2. Shut down the “private tax system” for the wealthiest, starting by immediately closing specific egregious loopholes. Some of the most fortunate taxpayers in the country – often those making multiple millions per year, or with billions of dollars in wealth – are able to game the system by sheltering their income or using exotic tax gaming to avoid paying their fair share. As a recent New York Times story explained, “Operating largely out of public view…the wealthy have used their influence to steadily whittle away at the government’s ability to tax them. The effect has been to create a kind of private tax system, catering to only several thousand Americans.”[5]

Hillary is committing to shutting down the private tax system for the ultra-wealthy, by closing loopholes that exist today, and remaining vigilant for new loopholes lawyers and accountants try to find next. The ultra-wealthy should not be able to exploit loopholes and leave middle-class families who play by the rules holding the bag. Today, she is announcing several examples of proposals to crack down on specific tax shelters and strategies, and will continue make closing egregious loopholes a priority throughout her administration:

  • End the Bermuda reinsurance loophole, and tax gaming through complex derivative trading: High-income money managers have used loopholes related to foreign reinsurance – often located in Bermuda – to avoid paying their fair share.[6] And they take advantage of complex derivative trades to lower their tax bill.[7] Clinton would build on proposals from both Democrats like President Obama and Republicans in Congress to close down these two loopholes.
  • Close the “Romney Loophole” that allows sheltering multiple millions in retirement accounts: According to data from the Government Accountability Office, roughly 1,000 taxpayers have accumulated close to $100 billion dollars in tax-preferred retirement accounts, with balances of more than $10 million per taxpayer.[8] Clinton believes that we should encourage robust retirement savings by American families – but that retirement accounts should not become a shelter from taxation for the most fortunate. She would build on proposals by President Obama in calling for closing down the so-called “Romney Loophole”[9] by limiting the ability of the very wealthiest to game the system by sheltering large incomes in tax-preferred accounts.
  • Impose a “risk fee” on the largest financial institutions. Dodd-Frank’s reforms and higher capital requirements on the largest banks are already helping address the problem of “Too Big to Fail.” But, as Clinton has said throughout this campaign, we need to go further to deal with the risks posed by the largest financial institutions. That's why Clinton would charge a graduated risk fee every year on the liabilities of banks with more than $50 billion in assets and other financial institutions that are designated by regulators for enhanced oversight. This proposal will raise $150 billion in revenue over 10 years.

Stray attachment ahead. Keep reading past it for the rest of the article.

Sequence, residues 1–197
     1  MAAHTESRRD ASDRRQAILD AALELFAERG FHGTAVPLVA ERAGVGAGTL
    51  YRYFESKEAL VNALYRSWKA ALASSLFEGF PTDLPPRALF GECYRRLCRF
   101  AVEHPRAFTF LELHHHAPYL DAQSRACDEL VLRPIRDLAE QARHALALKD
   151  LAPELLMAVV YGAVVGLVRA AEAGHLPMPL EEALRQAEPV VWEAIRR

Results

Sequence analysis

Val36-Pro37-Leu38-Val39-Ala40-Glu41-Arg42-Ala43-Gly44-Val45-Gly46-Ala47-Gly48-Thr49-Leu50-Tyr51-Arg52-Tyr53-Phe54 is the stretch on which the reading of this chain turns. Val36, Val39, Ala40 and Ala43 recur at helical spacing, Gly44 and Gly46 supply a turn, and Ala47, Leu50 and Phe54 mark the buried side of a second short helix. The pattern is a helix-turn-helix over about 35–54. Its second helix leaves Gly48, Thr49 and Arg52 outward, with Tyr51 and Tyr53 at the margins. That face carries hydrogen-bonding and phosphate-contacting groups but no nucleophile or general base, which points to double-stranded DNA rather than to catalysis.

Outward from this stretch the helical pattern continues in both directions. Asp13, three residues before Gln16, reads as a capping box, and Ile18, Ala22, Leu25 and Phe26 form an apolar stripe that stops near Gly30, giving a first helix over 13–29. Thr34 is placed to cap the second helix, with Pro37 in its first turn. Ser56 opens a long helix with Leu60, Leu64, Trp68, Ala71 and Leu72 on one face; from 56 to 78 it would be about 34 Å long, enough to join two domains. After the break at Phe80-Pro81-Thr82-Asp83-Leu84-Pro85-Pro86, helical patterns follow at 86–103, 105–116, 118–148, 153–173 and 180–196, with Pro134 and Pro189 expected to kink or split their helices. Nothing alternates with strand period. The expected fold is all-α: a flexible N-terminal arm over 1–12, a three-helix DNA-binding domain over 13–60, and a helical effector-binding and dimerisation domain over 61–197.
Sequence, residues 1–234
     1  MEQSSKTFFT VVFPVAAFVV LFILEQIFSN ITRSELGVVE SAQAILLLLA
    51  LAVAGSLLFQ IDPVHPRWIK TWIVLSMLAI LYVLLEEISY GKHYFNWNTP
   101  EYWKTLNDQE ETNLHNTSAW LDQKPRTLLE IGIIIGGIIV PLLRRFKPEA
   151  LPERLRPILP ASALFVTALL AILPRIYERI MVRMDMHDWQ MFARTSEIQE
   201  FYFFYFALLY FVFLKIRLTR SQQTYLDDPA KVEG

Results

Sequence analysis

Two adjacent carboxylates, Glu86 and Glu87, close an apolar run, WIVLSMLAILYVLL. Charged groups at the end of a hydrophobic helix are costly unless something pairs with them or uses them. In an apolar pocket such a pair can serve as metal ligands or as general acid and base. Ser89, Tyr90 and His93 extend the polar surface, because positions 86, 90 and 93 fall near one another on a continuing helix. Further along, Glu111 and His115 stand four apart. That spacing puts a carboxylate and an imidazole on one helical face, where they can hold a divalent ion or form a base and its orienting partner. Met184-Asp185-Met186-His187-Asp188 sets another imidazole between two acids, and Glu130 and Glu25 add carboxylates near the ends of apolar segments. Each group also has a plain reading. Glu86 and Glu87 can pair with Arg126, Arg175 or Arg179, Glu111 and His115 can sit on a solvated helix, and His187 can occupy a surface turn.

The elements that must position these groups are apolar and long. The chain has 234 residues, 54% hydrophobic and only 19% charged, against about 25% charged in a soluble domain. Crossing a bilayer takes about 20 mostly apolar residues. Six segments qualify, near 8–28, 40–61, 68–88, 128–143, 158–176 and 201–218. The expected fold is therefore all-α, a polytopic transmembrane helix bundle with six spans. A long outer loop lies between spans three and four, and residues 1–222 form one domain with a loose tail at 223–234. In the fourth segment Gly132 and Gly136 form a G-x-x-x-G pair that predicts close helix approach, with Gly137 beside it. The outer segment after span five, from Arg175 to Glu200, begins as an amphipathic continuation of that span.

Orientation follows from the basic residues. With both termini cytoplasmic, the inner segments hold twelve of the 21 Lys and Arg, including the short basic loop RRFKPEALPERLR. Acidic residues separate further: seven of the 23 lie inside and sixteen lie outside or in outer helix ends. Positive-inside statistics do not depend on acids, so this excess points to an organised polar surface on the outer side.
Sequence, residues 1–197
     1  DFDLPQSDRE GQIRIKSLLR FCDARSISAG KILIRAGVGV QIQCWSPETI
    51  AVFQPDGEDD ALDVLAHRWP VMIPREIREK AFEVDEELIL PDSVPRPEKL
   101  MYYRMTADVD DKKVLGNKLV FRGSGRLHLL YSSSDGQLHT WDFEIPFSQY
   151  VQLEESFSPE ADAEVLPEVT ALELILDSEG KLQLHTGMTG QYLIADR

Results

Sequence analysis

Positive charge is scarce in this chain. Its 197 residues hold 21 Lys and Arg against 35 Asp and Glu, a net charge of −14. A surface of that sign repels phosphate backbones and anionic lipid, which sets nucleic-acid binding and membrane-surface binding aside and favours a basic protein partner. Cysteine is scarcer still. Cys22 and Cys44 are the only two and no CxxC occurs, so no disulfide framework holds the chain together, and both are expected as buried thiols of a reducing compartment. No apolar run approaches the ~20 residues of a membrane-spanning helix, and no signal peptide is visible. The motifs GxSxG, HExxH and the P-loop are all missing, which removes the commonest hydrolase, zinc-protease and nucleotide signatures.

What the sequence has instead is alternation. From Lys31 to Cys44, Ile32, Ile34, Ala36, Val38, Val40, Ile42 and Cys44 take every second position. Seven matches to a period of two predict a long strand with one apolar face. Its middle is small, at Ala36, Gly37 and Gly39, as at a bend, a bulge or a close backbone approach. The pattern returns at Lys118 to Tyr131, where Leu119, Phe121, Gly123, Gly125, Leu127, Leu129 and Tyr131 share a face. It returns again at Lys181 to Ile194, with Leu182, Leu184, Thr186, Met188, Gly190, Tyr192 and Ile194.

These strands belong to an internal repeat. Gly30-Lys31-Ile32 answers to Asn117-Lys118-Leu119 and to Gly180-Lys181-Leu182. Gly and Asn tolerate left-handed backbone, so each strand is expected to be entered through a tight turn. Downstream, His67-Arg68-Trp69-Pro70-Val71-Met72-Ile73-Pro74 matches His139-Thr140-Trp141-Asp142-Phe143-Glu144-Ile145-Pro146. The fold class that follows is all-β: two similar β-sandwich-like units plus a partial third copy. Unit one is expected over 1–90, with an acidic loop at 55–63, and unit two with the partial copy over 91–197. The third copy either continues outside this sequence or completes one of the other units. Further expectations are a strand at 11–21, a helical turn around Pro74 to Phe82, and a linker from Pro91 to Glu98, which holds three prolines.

• Close the “carried interest” loophole: For almost a decade, since she was a Senator, Clinton has called for closing the “carried interest” loophole that allows hedge fund, private equity, and other Wall Street money managers to avoid paying ordinary income rates on their earnings. With the top 25 hedge fund managers making more than every kindergarten teacher in the country combined, there is absolutely no reason for this tax loophole.
  • Commit to tax fairness beyond closing these specific loopholes – especially on capital income: Beyond these specific loopholes, Hillary will continue to take steps to ensure the most fortunate cannot game the system and avoid paying their fair share. Already in this campaign, she has called for raising capital gains rates for short-term trading, in order to encourage long-term investment. But long-termism should never be an excuse for persistently and continuously sheltering income from fair taxation. That is why Clinton will go beyond the loopholes identified above to reform capital taxation, and explore additional measures to prevent high-income taxpayers from misclassifying income as capital gains or avoiding paying tax on some income at all. For example, she would limit the tax benefits of “like-kind exchanges,” which prevents capital gains taxation on certain sales. She will rationalize the Affordable Care Act’s net investment income tax to prevent gaming by high-income taxpayers.  And she will close the “step up in basis” loophole that lets accumulated capital gains go untaxed when assets are passed on to heirs – a loophole where 80% of the benefits go to the top 0.1% of taxpayers earning more than $2 million per year.   Her plan will treat bequests as a realization event. It will include exemptions to ensure this change only affects the high-income families who by far benefit the most from this loophole, and protects middle-class families. And it will contain careful protections and flexibility for small and closely-held businesses, farms and homes, and personal property and family heirlooms. She will make strong enforcement against the “private tax system” for the extremely wealthy a priority for her administration.